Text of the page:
Salinas Clothes Dryer RemovalThe average lifespan of a clothes dryer runs between 10 and 13 years, according to Consumer Reports. (There is some discrepancy between electric-powered and gas-powered models of about a year.) But, a machine doesn’t necessary perform for this period of time. A clothes dryer might only last 5 to 7 years. After all, there’s no guarantee and of course, this depends heavily on use.
When it’s time to update your washer and dryer, don’t just discard the old ones. Depending on where you live and what condition your appliances are in, you might have a variety of ways to make sure your machines go to a good cause, or at least don’t do the environment any damage. You might even be able to get a rebate on your new appliances. —San Francisco ChronicleSome machines last nearly two decades or just over before appliance removal is necessary. But, here again, it depends on the make, model, and use. (As well as any exposure to the outside elements as many of these appliances are placed in non-climate controlled spaces, like garages. So, there are even more variables which ultimately impact performance and life span.
DIY Clothes Dry Troubleshooting Guide for Salinas ResidentsNow, if you do experience one or more problems with your appliance, there are usually a few possibilities to explore and eliminate. So, let’s take a quick look at how to go about clothes dryer troubleshooting and what you can learn:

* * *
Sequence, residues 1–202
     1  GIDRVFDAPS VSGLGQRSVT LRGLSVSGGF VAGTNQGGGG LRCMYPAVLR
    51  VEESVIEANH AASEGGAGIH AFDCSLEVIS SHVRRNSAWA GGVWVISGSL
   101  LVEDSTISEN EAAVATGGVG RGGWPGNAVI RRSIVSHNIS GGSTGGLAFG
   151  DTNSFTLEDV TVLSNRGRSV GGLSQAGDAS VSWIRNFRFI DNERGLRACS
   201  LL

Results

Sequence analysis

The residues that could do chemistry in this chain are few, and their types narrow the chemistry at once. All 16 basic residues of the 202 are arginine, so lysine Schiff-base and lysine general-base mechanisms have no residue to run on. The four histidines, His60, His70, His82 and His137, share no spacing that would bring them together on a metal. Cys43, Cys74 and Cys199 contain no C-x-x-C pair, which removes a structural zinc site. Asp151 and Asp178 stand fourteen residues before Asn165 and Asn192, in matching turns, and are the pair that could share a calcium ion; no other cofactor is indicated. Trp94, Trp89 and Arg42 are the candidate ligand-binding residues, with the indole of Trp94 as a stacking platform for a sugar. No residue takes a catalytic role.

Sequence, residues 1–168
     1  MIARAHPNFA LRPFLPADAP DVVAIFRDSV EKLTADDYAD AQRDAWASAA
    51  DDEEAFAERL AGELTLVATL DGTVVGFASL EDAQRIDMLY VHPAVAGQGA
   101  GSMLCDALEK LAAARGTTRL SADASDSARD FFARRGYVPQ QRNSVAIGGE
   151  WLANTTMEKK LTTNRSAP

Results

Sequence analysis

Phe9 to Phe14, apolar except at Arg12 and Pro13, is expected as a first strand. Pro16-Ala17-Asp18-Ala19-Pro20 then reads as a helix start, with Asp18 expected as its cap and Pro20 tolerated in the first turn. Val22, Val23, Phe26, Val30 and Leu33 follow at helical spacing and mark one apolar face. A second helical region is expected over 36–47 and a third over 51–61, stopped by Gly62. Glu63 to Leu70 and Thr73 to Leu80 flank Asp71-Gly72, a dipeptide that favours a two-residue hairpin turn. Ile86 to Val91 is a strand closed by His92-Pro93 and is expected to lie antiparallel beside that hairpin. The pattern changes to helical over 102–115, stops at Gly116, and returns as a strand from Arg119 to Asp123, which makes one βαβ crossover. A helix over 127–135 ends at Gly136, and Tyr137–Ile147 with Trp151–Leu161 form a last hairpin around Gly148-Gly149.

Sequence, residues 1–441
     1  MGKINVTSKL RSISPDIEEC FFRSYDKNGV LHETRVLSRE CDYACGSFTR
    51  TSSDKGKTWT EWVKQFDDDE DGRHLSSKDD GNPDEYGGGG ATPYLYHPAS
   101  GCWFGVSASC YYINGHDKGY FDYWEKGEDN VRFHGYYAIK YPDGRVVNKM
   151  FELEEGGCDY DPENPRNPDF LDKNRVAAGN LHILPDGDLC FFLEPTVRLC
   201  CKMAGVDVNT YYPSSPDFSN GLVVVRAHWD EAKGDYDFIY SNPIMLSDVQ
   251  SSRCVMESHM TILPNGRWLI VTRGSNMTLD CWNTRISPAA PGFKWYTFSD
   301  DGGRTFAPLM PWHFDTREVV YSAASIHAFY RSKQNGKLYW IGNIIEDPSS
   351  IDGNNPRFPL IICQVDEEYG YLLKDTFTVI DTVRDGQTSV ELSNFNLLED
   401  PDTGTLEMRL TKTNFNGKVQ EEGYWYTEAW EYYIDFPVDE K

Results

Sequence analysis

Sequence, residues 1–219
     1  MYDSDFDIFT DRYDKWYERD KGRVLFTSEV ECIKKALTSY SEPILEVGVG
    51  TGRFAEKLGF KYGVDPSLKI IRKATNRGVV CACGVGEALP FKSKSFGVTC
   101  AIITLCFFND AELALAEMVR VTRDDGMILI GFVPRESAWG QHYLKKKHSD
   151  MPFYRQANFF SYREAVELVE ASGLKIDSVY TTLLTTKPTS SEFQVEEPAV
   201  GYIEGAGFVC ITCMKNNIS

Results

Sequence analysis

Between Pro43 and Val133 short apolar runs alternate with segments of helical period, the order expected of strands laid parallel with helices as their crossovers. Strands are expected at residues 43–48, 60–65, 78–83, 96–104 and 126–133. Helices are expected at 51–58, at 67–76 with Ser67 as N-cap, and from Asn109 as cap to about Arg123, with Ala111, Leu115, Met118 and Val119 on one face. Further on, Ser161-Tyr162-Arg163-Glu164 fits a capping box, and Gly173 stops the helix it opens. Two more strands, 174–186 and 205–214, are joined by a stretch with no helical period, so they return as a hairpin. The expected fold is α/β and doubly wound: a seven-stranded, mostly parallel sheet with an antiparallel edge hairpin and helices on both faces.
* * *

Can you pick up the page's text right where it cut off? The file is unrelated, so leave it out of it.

- No power. If the dryer won’t turn on, check the circuit breaker to see if it’s tripped to the neutral position. Should the breaker still be in the “On” position, check the power cord to ensure it’s plugged in. Lastly, check the door switch — this is one of the most common reasons a clothes dryer won’t start.
- Strange noises. Strange noises are often a telltale sign that something is awry. However, most have a simple explanation. First, check the levelness of the machine. If it’s off, that’s probably the reason. But, if it isn’t, the problem lies elsewhere.
- Clothes don’t dry. When clothes aren’t dry at the end of a normal cycle, it’s generally due to a dirty lint filter and/or a blocked vent. Check and clean both, then try to dry the clothes again.